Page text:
Smarty Pants. Squared.

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It’s a known fact that no mother has ever been able to resist the urge to brag about her child—and I’m absolutely certain it has been this way since the dawn of time.


“My Ooga already draw horses in cave!” I can imagine one Cro-Magnon mom telling another. “Your Unga draw stick figure. My Ooga—HORSES!”


Fast forward to the twenty-first century and mankind has evolved to the point that we’ve managed to create the world’s handiest tool to accommodate our incessant bragging—blogs. Of course, we moms like to say our blogs are places for us to vent and commiserate about motherhood, but let’s be honest.


There’s a whole lot of bragging going on up in here.


I say this so that you won’t hold it against me when I tell you that my children both were born with an extraordinary talent—Each has the amazing ability to tell when the other is getting attention.


I know, it’s incredible, right? But true! Five-year-old Punky could be upstairs with her bedroom door closed and headphones on—and the moment I settle into an armchair with Bruiser in my lap for a little one-on-one time with my son, like magic, she appears!


“Why are you holding Bruiser and not me?” she’ll say pitifully. “I want you to hold me, too, Mommy.”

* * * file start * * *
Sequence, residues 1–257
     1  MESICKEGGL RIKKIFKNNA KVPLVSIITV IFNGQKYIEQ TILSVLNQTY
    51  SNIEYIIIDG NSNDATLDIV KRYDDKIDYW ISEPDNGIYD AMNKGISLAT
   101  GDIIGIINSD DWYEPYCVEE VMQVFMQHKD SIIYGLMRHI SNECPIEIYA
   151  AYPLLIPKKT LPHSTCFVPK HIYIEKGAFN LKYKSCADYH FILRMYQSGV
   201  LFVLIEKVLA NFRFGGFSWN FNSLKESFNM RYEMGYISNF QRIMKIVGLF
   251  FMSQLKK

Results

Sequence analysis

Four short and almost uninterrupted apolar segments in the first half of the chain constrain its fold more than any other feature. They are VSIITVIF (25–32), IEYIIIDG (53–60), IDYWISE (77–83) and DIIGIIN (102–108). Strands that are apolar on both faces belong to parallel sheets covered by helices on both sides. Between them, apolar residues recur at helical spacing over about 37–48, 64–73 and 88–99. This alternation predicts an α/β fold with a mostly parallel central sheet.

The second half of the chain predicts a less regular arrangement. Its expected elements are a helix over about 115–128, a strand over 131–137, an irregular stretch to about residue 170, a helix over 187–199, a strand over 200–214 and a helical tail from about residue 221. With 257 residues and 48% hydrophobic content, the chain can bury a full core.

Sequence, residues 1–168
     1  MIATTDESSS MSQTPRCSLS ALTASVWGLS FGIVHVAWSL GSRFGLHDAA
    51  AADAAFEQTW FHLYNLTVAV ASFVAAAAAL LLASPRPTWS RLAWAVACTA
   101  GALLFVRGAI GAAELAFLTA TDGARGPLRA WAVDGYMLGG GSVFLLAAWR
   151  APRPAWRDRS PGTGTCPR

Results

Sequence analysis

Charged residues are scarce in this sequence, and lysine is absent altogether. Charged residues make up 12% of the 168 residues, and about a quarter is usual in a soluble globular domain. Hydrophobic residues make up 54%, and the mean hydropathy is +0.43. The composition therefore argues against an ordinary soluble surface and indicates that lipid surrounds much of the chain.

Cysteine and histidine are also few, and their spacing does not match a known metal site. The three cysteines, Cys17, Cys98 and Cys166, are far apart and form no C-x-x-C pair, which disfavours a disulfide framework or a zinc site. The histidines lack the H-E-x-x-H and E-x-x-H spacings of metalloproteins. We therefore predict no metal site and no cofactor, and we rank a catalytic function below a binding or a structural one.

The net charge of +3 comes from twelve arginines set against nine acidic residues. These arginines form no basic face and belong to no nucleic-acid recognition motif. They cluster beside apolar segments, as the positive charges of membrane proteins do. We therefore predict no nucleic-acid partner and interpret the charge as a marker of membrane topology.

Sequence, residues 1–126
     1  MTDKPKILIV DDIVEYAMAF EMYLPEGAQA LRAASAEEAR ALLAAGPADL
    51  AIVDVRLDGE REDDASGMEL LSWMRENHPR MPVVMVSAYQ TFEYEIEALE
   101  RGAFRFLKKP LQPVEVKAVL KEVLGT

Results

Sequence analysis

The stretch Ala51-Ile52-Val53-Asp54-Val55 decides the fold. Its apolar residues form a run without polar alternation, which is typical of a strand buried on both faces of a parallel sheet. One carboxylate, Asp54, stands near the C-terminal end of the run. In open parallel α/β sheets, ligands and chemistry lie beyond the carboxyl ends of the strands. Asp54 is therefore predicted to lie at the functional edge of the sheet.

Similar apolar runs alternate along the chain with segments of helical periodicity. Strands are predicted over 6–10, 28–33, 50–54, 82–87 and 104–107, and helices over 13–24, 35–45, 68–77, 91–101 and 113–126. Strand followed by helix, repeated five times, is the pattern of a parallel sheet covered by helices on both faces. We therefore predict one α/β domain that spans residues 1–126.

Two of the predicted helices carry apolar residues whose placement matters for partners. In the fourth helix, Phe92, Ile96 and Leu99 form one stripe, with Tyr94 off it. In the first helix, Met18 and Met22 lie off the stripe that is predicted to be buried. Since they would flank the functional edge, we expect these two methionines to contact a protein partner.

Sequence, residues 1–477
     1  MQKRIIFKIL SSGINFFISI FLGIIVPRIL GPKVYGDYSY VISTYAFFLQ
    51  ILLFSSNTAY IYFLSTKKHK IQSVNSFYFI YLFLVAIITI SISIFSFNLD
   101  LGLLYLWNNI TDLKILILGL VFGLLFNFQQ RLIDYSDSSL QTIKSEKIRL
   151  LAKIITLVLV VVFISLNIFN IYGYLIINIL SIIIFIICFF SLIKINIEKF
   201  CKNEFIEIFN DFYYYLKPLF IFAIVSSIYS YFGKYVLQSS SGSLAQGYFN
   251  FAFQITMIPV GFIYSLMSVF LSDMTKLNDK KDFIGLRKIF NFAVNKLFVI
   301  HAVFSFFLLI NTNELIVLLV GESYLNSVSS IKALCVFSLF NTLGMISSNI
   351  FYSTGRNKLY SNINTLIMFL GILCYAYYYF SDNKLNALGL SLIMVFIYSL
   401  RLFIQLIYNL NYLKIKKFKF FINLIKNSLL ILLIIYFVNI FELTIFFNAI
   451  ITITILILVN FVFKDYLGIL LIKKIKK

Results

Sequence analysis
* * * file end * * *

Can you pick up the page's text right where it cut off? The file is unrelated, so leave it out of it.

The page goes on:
It happens every. Single. Time.


Bruiser’s sixth (or would this be … seventh?) sense is even more finely tuned. When I’m free, he barely gives me the time of day. But the moment I have something crucial to take care of for his sister, like, say, helping her with her homework or making her lunch before school, he’s all up in my grill.


“Mommy! I want to watch Toy Story!” he’ll say, rounding the corner as if prodded by some sort of electric current.


“Okay Bruiser, but first I have to make Punky’s lunch. We have to leave for school in five minutes.” I turn away and quickly begin slathering mayonnaise on a piece of sandwich bread.


“Mommy! I want to watch Toy Story!”


“Okay, but first I’m going to make Punky’s lunch.”


 “Mommy! I want to watch Toy Story!”


“Okay, but first I’m going to make Punky’s lunch.”


“Mommy! I want to watch Toy Story!”


“Okay, but first I’m going to make Punky’s lunch.”


“Mommy! I want to watch Toy Story!”


“Okay, but first I’m going to make Punky’s lunch.”


“Mommy! I want to watch Toy Story!”


“Okay, but first I’m going to make Punky’s lunch.”


“Mommy! I want to watch Toy Story!”


“Okay!” Inevitably, I cave. “Okay, okay, okay, okay, okay. I will put on Toy Story. Even though it means that Punky will either be late for school or have no lunch. I will put on Toy Story. Because you obviously can’t live one second longer without Toy Story!”


Bruiser pauses. “Yaaaaaay!” he shouts, glancing triumphantly over at his sister. “Yay! Yay! Yay! Yay! Yaaaaay!”


Yes, my children are extraordinary. I bet your children weren’t blessed with this phenomenal talent.


And if that is the case?


Consider yourself very, very lucky.

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